Different societies allow their news media different roles. In most countries the media is subordinated to power, whether of the government or the ruling class. Surprisingly or not, the American model is not widely emulated globally.

Unfortunately, these days, it is not even widely admired within the United States. This is beyond sad.

A recent column expressed my view that the feverous coverage of Tiger Woods’ private life was beyond all good taste and professional reserve. Actually, I thought it was totally disgusting. This view appeared to be widely shared.

One e-mail from a reader in Southeast Asia more or less spoke for many others received: “I full-heartedly agree with you. This kind of prurient media circus nauseates me no end. Tiger Wood’s affairs should remain between him and his wife, or between him and the women who agreed to have affairs with him, unless a crime has been committed. Bravo.”

A reader in South Korea e-mailed: “I agree with your article 100 percent. The media knows no bounds and their recycles often run stories into the ground.”

But a contradictory salvo from a serious professional (whom I greatly respect, so I wish to keep his identity private) completely shook me up. “I have never read such complete ———— [well-known four-letter word] in my life.”

That ribald response bothered me not because it was critical of my column (big deal!) but because it reflected what I fear is an attitude of widespread denial in the established U.S. commercial news media. They may not know what has hit them; worse yet, they may not realize what is going to hit them.

Let me explain.

The current crisis in the U.S. news media is usually attributed to technological or financial factors. But my view is that the crisis is largely spiritual. When the heart and soul of something is lost, darkness and disintegration are not far behind.

Journalists all over the world used to admire the U.S. news media; some still do. The power of our journalists to set the agenda, topple presidents and in general scare the living daylights out of political and public figures used to trigger an envious drool from journalists in other lands. But to see the U.S. media fall over themselves in the race to the bottom of propriety has been sobering indeed. The sordid specter even raises doubts about the quality of our democracy.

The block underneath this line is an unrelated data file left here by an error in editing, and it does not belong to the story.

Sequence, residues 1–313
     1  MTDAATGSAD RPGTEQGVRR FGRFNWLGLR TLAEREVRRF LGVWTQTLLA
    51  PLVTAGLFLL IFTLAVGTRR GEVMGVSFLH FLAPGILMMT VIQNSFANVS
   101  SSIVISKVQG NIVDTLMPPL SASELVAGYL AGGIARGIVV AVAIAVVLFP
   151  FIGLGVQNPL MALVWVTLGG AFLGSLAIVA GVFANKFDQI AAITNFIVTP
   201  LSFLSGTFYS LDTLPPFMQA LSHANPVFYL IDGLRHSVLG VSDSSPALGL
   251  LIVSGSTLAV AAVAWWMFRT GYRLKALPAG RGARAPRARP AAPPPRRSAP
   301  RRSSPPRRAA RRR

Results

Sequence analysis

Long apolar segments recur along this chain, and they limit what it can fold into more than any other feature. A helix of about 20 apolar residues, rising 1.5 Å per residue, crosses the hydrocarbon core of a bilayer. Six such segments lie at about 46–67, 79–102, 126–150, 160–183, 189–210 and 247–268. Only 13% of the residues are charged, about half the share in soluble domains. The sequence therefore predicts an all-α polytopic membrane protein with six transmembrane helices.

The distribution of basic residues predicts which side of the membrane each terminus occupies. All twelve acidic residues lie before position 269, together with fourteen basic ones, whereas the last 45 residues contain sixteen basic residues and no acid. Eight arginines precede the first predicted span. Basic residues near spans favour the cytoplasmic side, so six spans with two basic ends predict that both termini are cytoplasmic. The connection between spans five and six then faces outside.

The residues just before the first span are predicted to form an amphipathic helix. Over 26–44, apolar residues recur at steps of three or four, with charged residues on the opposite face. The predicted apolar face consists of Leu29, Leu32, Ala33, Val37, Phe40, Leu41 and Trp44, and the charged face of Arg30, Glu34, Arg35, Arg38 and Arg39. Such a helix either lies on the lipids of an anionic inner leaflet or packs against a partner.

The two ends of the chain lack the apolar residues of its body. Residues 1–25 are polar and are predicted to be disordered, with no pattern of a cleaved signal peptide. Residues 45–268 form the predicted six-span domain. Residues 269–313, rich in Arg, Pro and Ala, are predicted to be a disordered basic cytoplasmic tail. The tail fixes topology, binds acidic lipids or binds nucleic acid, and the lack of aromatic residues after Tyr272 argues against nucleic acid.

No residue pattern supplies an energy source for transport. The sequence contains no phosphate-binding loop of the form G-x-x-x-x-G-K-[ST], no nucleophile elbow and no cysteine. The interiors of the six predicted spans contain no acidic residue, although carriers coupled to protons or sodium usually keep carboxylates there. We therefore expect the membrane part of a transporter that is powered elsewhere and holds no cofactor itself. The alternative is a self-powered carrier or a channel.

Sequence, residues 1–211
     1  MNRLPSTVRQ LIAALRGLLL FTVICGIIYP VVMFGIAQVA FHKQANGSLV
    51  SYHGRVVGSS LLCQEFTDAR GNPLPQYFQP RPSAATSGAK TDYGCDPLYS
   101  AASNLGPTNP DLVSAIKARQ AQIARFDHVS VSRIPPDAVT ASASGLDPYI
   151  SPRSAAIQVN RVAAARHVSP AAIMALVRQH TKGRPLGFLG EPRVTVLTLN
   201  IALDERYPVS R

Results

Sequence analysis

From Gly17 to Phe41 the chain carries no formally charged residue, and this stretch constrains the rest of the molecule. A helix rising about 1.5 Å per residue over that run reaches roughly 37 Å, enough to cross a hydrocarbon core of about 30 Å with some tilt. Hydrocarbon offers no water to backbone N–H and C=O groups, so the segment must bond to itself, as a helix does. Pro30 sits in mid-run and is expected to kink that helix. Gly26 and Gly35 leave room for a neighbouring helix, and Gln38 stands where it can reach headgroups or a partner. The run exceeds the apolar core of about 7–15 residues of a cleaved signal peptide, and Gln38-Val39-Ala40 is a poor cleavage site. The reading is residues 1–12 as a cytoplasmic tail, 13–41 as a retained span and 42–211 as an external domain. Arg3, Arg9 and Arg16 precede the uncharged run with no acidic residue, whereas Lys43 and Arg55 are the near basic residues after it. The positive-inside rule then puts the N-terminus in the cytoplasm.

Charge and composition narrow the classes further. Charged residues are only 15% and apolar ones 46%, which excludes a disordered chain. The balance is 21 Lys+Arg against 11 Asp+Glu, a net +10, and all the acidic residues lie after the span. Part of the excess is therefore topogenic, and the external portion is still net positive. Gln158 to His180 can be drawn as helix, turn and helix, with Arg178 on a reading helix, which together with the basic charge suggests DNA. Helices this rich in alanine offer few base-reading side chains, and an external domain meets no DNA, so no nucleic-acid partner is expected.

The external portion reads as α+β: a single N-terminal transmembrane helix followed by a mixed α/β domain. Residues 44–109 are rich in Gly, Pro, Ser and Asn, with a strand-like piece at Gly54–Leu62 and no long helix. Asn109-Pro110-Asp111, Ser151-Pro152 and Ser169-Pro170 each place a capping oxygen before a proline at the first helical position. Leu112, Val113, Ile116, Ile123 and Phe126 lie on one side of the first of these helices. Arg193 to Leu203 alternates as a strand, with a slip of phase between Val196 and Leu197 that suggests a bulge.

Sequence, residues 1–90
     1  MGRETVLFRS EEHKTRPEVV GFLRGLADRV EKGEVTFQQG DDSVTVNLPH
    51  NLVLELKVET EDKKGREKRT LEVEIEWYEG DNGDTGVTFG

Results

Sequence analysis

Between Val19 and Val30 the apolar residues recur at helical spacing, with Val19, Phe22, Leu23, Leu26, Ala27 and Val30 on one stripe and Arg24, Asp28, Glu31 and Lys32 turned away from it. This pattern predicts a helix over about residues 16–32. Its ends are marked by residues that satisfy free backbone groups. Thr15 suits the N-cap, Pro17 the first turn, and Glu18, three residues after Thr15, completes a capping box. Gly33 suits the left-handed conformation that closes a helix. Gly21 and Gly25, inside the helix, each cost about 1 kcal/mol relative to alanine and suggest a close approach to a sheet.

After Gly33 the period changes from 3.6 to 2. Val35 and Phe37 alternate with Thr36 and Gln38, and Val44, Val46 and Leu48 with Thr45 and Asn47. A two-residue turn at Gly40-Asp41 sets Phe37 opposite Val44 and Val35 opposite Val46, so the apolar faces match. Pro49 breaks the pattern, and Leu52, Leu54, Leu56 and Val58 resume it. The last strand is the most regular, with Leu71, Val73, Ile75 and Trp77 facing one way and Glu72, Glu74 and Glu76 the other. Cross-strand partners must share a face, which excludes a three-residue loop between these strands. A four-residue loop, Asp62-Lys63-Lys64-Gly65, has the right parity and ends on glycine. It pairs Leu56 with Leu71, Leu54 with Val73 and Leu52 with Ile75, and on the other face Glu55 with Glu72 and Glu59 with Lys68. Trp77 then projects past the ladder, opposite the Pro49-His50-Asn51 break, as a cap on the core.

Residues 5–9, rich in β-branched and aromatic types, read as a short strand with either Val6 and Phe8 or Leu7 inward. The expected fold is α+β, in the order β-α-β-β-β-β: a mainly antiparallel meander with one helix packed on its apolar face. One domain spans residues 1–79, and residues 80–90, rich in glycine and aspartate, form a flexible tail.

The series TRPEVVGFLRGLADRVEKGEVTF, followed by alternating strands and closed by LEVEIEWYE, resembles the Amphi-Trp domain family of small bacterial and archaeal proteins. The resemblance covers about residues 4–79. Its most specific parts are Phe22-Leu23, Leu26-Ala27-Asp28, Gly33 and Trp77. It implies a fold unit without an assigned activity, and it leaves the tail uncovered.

Not too many American journalists are aware of their role-model status. Few perhaps care one way or the other. Except for the U.S. foreign correspondents, after all, the worldview of the average journalist here does not extend much beyond Washington, as if that provincial city were the center of the political universe — which of course it once used to be.

But that was then, and this is now. Like our melting ice caps, the American news media is shrinking in size — and significance — and much more precipitously. Today, loud-mouthed, know-nothing bloggers vie for influence and effect with heretofore famous New York Times columnists. Network-news divisions downsize while new Web news sites spring up like springtime weeds in an abandoned lot. Seasoned journalists willingly defect from established news organizations to start up or join existing Web sites. In 10 years the American news-media landscape will be barely recognizable.

America’s iconic media institutions are receding so dramatically that new jobs are scarce and existing ones are evaporating. The ultra-premier publications — Time magazine, The New York Times, The Washington Post — once led the professional pack triumphantly and proudly. At Time, all the stupid if tantalizing gossip was rightly ghettoized into one page of the magazine: People. No more. Now People is not only its own magazine, but Time is more like People today than the Time of yesterday.

I feel sorry about what’s happening. Now an issue of a news magazine comes to your home that looks so anorexic and so feeble that you feel bad for it. I don’t even consider myself a subscriber anymore; the decline is so pathetic, I view my subscription check as a sort of a charitable contribution, as if saving the imperiled jobs of an endangered species: the traditional American journalist.

All of this may well be somewhat exaggerated, to be sure. Time and The Washington Post and ABC News still have significant clout. Some of my students would still drown their two little pet Pomeranians in a bathtub to land a job there. A major American newspaper columnist probably still has more pull than the average U.S. congressman (though that’s perhaps not saying much).

But the trend lines are near- catastrophic, and, if you believe they will proceed apace, they contain evil seeds to transform American democracy in ways we surely cannot predict. The insistence of the quality news media on joining the race to the slimy bottom will only hasten their irrelevance.

The tragedy is that I do not believe they really understand that.

Veteran U.S. journalist Tom Plate’s 2007 book on the American media, “Confessions of an American Media Man,” will be reissued in May in a second edition. © 2010 Pacific Perspectives Media Center

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